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Helms Gives Ground on Weapons Treaty

Defense: Persistent opponent of pact hints it might win quick passage. Movement comes as Secretary of State Albright visits to press case.

March 26, 1997|TYLER MARSHALL | TIMES STAFF WRITER

WINGATE, N.C. — After months of uncompromising opposition, Senate Foreign Relations Committee Chairman Jesse Helms (R-N.C.) on Tuesday raised the prospect of quick Senate ratification of a stalled chemical weapons treaty.

Helms, who spent the day escorting Secretary of State Madeleine Albright on a tour in his home state, announced that he would begin hearings on the Chemical Weapons Convention April 9. He then hinted strongly that the treaty could still be ratified by April 29, the day its provisions are scheduled to take effect.

The treaty requires all signatories to renounce the production and use of chemical weapons and to destroy all chemical weapon stocks. The United States must ratify by April 29 to participate in its key monitoring and enforcement elements.

"There will be no problem with it if we can continue to negotiate the way we have in the last few days," Helms told reporters during a joint news conference with Albright. "If both sides sit down and be realistic about it, there's a very good chance that there could be a treaty."

Helms has been a vociferous opponent of the convention, claiming that it would impose burdensome verification measures on U.S. chemical companies but leave nonparticipating nations like Libya and Iran outside its constraints.

While he reiterated his personal distaste for the treaty, Helms seemed prepared to let it come to a vote on the Senate floor. Winning Senate ratification of the treaty is a major Clinton administration priority and is considered among the first major challenges facing Albright as President Clinton's second-term secretary of State.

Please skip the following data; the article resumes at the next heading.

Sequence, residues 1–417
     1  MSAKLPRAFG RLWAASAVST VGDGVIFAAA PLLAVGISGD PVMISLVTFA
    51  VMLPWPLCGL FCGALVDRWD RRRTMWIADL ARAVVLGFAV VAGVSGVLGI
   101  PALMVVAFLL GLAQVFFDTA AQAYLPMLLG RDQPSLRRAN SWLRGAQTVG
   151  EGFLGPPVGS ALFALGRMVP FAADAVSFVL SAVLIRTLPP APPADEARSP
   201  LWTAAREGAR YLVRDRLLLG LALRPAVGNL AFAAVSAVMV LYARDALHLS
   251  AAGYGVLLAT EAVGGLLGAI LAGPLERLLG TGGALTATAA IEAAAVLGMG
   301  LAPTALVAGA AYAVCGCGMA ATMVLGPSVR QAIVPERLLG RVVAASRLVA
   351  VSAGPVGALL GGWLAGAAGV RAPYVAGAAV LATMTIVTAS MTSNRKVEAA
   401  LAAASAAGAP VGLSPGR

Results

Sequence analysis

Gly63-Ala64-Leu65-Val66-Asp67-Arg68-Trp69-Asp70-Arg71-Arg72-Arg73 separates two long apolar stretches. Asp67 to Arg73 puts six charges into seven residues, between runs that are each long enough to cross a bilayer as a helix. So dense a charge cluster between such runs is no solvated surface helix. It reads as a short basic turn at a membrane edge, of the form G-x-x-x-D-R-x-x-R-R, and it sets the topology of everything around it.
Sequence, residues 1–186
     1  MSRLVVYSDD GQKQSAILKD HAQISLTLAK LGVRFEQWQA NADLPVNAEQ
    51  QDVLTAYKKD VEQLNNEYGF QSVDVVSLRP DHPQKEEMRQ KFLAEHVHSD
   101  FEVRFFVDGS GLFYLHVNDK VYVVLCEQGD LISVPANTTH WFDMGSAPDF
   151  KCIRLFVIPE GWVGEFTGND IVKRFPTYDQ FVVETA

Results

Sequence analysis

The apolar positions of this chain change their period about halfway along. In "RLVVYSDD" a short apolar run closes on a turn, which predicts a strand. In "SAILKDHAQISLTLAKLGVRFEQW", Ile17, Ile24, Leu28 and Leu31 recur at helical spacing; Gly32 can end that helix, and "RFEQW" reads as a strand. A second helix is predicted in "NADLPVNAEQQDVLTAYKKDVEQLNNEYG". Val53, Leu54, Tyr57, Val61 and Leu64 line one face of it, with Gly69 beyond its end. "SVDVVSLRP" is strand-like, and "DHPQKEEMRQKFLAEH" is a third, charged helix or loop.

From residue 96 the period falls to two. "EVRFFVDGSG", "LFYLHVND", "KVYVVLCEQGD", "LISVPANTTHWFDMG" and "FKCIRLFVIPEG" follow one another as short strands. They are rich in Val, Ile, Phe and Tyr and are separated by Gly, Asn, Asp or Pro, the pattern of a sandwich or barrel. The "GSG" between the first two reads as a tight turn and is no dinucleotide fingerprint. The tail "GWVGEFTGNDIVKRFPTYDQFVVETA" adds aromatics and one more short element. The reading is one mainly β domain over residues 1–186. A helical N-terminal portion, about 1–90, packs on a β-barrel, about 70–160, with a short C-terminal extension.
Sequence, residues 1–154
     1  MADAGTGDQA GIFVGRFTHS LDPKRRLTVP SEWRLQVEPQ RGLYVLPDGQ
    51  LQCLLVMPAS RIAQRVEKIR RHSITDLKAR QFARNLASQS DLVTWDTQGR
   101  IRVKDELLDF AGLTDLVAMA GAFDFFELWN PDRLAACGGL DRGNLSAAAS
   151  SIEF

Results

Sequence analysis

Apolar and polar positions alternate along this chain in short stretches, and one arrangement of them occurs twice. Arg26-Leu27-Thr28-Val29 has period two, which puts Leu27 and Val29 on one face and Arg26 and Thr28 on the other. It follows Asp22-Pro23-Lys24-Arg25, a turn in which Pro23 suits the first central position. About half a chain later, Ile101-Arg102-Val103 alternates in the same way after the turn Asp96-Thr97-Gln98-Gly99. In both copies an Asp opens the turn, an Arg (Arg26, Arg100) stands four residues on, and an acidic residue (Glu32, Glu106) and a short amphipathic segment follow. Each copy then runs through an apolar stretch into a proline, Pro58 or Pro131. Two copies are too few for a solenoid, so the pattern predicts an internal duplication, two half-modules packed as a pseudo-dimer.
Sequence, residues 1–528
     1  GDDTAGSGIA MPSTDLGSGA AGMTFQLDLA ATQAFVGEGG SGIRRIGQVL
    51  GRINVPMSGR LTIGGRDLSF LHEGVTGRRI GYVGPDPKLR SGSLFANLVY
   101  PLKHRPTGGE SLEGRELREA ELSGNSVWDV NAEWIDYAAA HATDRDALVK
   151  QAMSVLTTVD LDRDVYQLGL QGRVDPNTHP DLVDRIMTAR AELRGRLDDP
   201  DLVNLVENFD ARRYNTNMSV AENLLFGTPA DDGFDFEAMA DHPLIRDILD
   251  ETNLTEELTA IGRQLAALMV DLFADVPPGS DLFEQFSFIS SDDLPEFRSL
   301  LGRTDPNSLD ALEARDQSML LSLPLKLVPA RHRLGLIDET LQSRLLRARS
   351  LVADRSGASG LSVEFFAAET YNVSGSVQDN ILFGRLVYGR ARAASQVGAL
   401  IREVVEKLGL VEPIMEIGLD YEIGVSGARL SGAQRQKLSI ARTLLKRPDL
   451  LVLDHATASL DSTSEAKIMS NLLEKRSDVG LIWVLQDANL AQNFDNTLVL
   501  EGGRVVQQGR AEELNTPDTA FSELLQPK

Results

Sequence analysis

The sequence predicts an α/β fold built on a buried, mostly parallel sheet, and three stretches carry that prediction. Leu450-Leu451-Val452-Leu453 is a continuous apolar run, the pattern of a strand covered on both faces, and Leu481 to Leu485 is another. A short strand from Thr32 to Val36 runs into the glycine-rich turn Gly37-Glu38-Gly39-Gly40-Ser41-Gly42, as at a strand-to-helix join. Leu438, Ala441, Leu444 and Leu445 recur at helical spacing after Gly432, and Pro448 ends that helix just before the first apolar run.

A senior aide to Albright said that, after discussing the chemical weapons treaty with Helms during the course of two long car rides Tuesday, she felt "increasingly confident she's going to get a vote in the Senate."

During an evening speech, Albright pressed the case for ratification. "The Chemical Weapons Convention sets the standard that it is wrong for any nation to build or possess a chemical weapon and gives us strong and effective tools for enforcing that standard," Albright said. "This will make it harder for terrorists or outlaw states to build, buy or conceal these horrible weapons."

Helms' earlier remarks came as he escorted Albright through a series of appearances in his home state and at Wingate University, a small liberal arts college of 1,300 students that Helms attended. Throughout the day, the two put on a conspicuous display of mutual admiration.

Standing next to Helms outside a museum dedicated to the senator's work, Albright said that the two are "developing a pretty solid friendship." Helms quipped: "She's a favorite of my family already."

After answering students' questions, the two left, walking at one point arm in arm as Helms turned to someone next to him and joked: "I think she's a keeper, don't you?"

It was an unusual moment for Helms, whose conservative views in the past have led him to clash frequently with senior levels of the country's foreign policy establishment. Albright explained their unusual rapport by saying: "We agree on the larger issue--the protection of American interests. And when we disagree, we're pretty straight about it."

Helms' tactical shift on the chemical weapons pact came as the two seemed to move closer on another important issue that has kept him at loggerheads with the administration for much of the last three years: Helms' insistence on streamlining and reorganizing the various foreign policy agencies of the government, including folding Aid for International Development, the Arms Control and Disarmament Agency, and the United States Information Agency into the State Department.

When Albright became secretary of State, she let it be known she had an open mind on the reorganization question; an aide said Tuesday that a plan is being developed within the State Department and would be completed in a matter of weeks.

"We're working on a plan for making better use of resources that we have," the aide said. A member of Helms' staff said that there was no connection between his shift on the chemical weapons treaty and the reported movement on reorganization.

Helms indicated that much of the progress on the chemical weapons treaty had come in recent days in talks with Democratic leaders of the Foreign Relations Committee who favor ratification.

He said that in a meeting last week with Sen. Joseph R. Biden Jr. (D-Del.), several differences were settled. A Helms aide said that 21 of 30 significant points of difference with the administration had been resolved.

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